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Writing Program Faculty Has Book Reviewed in CHOICE


Published on January 31, 2020

Cristina Haganu-Bresch, PhD, assistant director of Writing Programs and professor of writing and rhetoric, had her new book Diagnosing Madness The Discursive Construction of the Psychiatric Patient, 1850-1920 reviewed in the February issue of CHOICE, a publication of the Association of College and Research Libraries (A division of the American Library Association).

Dr. Haganu-Bresch co-authored the book with Carol Berkenkotter, a professor at University of Minnesota until her death in 2016. 

In the review, the book is highly recommended for upper-division undergraduates through faculty, professionals, and general readers.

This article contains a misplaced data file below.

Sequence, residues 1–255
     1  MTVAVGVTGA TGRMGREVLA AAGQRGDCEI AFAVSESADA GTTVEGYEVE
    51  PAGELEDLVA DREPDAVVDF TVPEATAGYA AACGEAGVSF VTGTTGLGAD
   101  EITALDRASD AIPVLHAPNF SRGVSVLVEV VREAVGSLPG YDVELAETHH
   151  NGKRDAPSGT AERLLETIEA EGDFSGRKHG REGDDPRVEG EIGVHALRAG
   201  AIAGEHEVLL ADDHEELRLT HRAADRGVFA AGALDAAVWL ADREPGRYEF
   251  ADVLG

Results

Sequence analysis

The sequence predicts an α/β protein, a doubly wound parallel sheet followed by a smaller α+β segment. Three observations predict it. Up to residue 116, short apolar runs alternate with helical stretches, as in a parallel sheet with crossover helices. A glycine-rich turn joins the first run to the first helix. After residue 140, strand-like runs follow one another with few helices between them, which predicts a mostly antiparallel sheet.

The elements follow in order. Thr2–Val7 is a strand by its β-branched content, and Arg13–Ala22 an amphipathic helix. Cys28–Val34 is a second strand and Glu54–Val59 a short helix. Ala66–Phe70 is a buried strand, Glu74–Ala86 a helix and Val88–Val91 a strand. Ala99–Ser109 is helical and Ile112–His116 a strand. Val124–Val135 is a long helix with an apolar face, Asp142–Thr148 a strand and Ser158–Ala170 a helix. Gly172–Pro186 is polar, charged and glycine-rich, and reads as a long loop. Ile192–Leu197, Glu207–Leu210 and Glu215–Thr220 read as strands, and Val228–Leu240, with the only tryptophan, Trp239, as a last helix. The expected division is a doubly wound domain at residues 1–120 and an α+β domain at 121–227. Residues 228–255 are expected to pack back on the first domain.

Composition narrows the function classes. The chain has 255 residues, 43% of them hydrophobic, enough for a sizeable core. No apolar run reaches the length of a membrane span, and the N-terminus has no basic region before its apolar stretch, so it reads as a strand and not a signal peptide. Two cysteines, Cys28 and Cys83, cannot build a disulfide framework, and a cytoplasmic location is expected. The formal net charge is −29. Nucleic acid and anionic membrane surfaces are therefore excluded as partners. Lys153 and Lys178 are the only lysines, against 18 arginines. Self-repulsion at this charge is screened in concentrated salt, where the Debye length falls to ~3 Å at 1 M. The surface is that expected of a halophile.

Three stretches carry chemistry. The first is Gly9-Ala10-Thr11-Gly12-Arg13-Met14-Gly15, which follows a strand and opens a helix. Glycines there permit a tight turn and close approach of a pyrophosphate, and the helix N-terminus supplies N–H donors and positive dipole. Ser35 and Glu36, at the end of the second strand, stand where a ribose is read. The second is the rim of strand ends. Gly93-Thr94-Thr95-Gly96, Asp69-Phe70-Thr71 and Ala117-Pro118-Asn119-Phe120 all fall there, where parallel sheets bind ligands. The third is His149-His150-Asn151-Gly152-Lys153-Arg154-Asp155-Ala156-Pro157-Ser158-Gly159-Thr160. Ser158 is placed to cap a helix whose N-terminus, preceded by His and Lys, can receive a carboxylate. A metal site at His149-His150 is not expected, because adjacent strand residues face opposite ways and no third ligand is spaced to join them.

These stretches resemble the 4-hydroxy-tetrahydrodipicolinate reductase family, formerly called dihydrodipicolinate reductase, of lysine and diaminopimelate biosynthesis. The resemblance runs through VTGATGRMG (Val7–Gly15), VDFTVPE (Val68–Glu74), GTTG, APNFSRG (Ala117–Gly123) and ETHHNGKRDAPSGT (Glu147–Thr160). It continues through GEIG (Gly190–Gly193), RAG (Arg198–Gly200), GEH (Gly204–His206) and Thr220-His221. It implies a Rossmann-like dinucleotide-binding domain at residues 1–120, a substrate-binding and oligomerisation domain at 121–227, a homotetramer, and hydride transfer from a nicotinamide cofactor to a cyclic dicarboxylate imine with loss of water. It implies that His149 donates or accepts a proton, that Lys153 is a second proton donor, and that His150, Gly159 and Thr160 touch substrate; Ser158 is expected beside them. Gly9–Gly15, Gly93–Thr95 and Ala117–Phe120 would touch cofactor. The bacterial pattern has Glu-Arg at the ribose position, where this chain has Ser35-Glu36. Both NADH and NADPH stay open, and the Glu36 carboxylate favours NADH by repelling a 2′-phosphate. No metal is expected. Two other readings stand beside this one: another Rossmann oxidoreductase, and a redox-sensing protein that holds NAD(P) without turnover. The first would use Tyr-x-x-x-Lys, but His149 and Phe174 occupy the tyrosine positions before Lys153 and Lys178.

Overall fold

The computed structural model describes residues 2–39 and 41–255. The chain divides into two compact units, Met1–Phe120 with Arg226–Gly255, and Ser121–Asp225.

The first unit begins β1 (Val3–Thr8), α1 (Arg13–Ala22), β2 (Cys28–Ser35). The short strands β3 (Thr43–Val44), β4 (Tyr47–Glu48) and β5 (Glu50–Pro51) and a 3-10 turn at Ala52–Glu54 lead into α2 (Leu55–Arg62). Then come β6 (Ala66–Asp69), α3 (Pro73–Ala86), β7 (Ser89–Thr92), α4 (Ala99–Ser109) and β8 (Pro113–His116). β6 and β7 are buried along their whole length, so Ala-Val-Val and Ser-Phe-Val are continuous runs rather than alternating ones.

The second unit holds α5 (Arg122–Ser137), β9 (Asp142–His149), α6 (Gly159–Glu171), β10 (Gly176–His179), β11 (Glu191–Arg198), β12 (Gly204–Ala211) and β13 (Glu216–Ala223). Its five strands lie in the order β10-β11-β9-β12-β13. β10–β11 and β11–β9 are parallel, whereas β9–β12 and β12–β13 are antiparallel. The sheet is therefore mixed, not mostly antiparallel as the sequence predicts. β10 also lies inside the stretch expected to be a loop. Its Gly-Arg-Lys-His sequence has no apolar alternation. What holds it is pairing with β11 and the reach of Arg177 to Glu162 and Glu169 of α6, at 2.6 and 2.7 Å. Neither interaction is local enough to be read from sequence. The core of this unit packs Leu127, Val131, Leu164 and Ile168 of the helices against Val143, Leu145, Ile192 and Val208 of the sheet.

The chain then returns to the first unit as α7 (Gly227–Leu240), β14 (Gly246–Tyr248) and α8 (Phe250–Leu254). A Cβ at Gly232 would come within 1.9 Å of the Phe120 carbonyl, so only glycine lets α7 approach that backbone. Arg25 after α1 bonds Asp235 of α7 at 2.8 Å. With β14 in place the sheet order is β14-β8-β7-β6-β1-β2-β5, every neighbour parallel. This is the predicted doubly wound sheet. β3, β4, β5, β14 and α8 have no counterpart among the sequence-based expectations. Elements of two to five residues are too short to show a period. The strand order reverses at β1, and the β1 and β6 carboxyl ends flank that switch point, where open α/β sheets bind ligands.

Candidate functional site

From the review by J. Rankin, East Tennessee State University : 

Diagnosing Madness provides penetrating insights into the discursive gestures through which patients, psychiatrists, and the state have tried to understand and manage mental illness in both Britain and the US. Employing an impressive array of source genres, including medical certificates, court documents, case notes, patient memoirs, and even novels based on wrongful confinement cases, the authors demonstrate that although the diagnosis of mental illness can be open to interpretation, its consequences have been severe and long lasting. … Crucially, the study shows how incorrect diagnoses and wrongful confinement have become a public issue and helped erode public faith in psychiatry. This contestation still motivates public discussion concerning mental illness on both sides of the Atlantic. This is ultimately an interesting and readable book that will be enjoyed by all.

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